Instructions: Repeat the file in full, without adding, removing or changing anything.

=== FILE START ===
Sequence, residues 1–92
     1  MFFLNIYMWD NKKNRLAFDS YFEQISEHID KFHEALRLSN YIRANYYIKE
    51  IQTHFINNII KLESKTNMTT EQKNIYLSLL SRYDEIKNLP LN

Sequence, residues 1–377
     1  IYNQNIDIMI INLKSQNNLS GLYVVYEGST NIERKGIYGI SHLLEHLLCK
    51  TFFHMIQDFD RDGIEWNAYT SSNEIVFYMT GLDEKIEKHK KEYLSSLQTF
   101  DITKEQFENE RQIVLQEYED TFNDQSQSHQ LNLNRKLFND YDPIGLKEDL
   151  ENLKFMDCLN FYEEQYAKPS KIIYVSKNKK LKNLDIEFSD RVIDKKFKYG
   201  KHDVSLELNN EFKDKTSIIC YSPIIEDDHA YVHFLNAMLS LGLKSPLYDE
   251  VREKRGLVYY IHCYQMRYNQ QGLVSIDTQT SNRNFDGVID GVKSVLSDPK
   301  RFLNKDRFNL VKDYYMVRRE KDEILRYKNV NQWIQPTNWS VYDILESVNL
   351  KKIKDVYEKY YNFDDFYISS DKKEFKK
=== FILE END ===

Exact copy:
Sequence, residues 1–92
     1  MFFLNIYMWD NKKNRLAFDS YFEQISEHID KFHEALRLSN YIRANYYIKE
    51  IQTHFINNII KLESKTNMTT EQKNIYLSLL SRYDEIKNLP LN

Sequence, residues 1–377
     1  IYNQNIDIMI INLKSQNNLS GLYVVYEGST NIERKGIYGI SHLLEHLLCK
    51  TFFHMIQDFD RDGIEWNAYT SSNEIVFYMT GLDEKIEKHK KEYLSSLQTF
   101  DITKEQFENE RQIVLQEYED TFNDQSQSHQ LNLNRKLFND YDPIGLKEDL
   151  ENLKFMDCLN FYEEQYAKPS KIIYVSKNKK LKNLDIEFSD RVIDKKFKYG
   201  KHDVSLELNN EFKDKTSIIC YSPIIEDDHA YVHFLNAMLS LGLKSPLYDE
   251  VREKRGLVYY IHCYQMRYNQ QGLVSIDTQT SNRNFDGVID GVKSVLSDPK
   301  RFLNKDRFNL VKDYYMVRRE KDEILRYKNV NQWIQPTNWS VYDILESVNL
   351  KKIKDVYEKY YNFDDFYISS DKKEFKK